By Emily Sampl
BOULDER, Colorado, March 31. THE 2014 Australian Swimming Championships, which will serve as Australia’s trials meet for the Commonwealth Games and Pan Pacific Championships this summer, got underway today at the Sleeman Swimming Centre in Brisbane. With this summer’s major international teams being selected, a number of the top Aussies will be competing. Here are a few of the top swimmers to watch for at the meet, which runs through April 6.
Sprint specialists and sisters Cate and Bronte Campbell figure to take the top two spots in the women’s 50 and 100 free, where they’re seeded 1-2 in both and have dominated in recent months. Cate leads this year’s world rankings in the 50 with a 24.21 from the BHP Billiton Aquatic Super Series in late January, while Bronte went a 24.82 at the same meet. Cate also leads the 100 free world rankings with a 53.08, while Bronte is fourth at 53.98.
On the men’s side, James Magnussen has put up the best times in the world this year in both sprint freestyle events, with a 21.88 in the 50 and 47.59 in the 100. No one else has even broken 48 in the 100 in 2014. Cameron McEvoy and James Roberts should challenge for spots in the 100 free, as the two are seeded second and third in the event, with McEvoy posting the next best time in the world this year at 48.19.
In the mid-distance freestyle events, Olympic veteran Bronte Barratt will look to overtake a host of up-and-comers hot on her heels, including Emma McKeon, Brittany Elmslie and Madeline Groves, who are all under age 20 and looking to become mainstays on Australia’s international teams. McKeon actually has the fastest time by an Australian this year, as her 1:56.64 from the BHP Billiton Aquatic Super Series is almost a second better than Barratt’s 1:57.50 from the same meet. Jessica Ashwood and Kylie Palmer should also challenge in both the 200 and 400 free – Palmer holds the Australian record in both events, while Ashwood enters as the second seed in the 400 at 4:05.01.
In the men’s 200 free, McEvoy enters the meet with the best time by an Aussie this year at 1:46.66, fairly far ahead of David McKeon (1:48.21). Thomas Fraser-Holmes is the top seed in the event though at 1:45.79, and he may need that time to make the team individually. McKeon, however, qualified first in this morning’s 400 free by almost six seconds at 3:44.95 and doesn’t look to have many challengers in that event. Fraser-Holmes also enters the meet as the top seed in the 400 IM by almost eight seconds with a 4:10.14.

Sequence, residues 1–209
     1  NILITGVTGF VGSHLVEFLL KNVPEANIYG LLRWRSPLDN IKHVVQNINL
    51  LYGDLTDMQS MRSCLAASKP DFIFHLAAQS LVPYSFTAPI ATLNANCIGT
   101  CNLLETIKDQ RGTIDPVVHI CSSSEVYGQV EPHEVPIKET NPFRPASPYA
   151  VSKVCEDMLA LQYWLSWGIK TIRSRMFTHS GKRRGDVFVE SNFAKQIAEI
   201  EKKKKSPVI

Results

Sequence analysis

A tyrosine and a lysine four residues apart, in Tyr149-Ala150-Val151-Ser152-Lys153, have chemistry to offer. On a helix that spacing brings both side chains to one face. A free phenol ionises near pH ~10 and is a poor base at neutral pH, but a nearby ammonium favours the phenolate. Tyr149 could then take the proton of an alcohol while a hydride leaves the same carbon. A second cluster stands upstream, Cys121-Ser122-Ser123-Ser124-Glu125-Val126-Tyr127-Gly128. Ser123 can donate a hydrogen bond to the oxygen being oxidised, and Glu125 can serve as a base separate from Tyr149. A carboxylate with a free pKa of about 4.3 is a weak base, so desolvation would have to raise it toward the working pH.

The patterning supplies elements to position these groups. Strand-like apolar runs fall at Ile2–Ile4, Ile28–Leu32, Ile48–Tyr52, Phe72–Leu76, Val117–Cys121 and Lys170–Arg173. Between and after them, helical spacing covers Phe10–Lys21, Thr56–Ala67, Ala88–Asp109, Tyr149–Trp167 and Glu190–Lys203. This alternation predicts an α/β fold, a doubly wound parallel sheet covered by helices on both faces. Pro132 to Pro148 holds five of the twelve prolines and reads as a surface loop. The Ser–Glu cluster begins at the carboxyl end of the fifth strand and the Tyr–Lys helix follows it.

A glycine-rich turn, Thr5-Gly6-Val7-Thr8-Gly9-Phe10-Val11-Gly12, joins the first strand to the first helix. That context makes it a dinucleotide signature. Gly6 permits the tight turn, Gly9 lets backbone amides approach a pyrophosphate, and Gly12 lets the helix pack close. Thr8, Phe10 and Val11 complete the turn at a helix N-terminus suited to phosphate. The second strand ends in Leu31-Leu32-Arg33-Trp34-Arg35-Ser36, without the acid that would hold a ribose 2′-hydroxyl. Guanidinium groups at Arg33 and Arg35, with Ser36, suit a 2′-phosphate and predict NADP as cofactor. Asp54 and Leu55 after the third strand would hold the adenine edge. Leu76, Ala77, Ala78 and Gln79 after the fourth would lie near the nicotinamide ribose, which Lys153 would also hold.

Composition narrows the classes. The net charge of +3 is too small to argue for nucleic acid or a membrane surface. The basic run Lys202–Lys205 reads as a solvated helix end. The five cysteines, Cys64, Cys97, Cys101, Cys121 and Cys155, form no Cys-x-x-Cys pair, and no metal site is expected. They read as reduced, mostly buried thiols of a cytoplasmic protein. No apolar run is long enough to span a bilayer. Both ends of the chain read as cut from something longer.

In the backstroke events, look out for 2012 Olympic silver medalist Emily Seebohm, as well as Ashley Delaney. Seebohm’s best time is a 58.23, but she hasn’t cracked 1:00 yet this year. Seebohm is stronger at the 100 and should face stiff competition from Belinda Hocking, who’s also seeded first in the 200 back ahead of Meagen Nay. Delaney will be a definite factor in the men’s 100 back, but the 200 is a little more open with four swimmers entered under 1:58, led by Matson Lawson and Mitchell Larkin at 1:56.59 and 1:56.79, respectively.
Christian Sprenger comes in as a big favorite in the men’s breaststroke events, as he’s seeded first by a second in the 50 breast, three seconds in the 100 breast and has already qualified first in the 200 breast by almost three seconds at 2:11.09. On the women’s side, the 200 should feature an epic battle between Taylor McKeown and Sally Hunter, who have identical seed times of 2:23.94. Hunter has an excellent shot to win the 100 breast as well, as she’s entered less than three-tenths behind Leiston Pickett’s 1:07.19.
The women’s 100 fly, which got underway this morning with prelims, could be one of the closer events on the women’s side with a handful of swimmers fighting for the top spot – Ellen Gandy, Alicia Coutts, Emma McKeon, Madeline Groves, Brittany Elmslie and Emily Seebohm. The top eight swimmers this morning were all under a minute, with Gandy, Coutts and McKeon all under 59. Coutts, Seebohm and McKeown will also do battle in the 200 IM, as the three swimmers enter with the three best times.
After seeing the times posted at several championship meets in the US over the past few weeks, it will be interesting to see what the Australians put up this week in one of the first major meets of the long course season.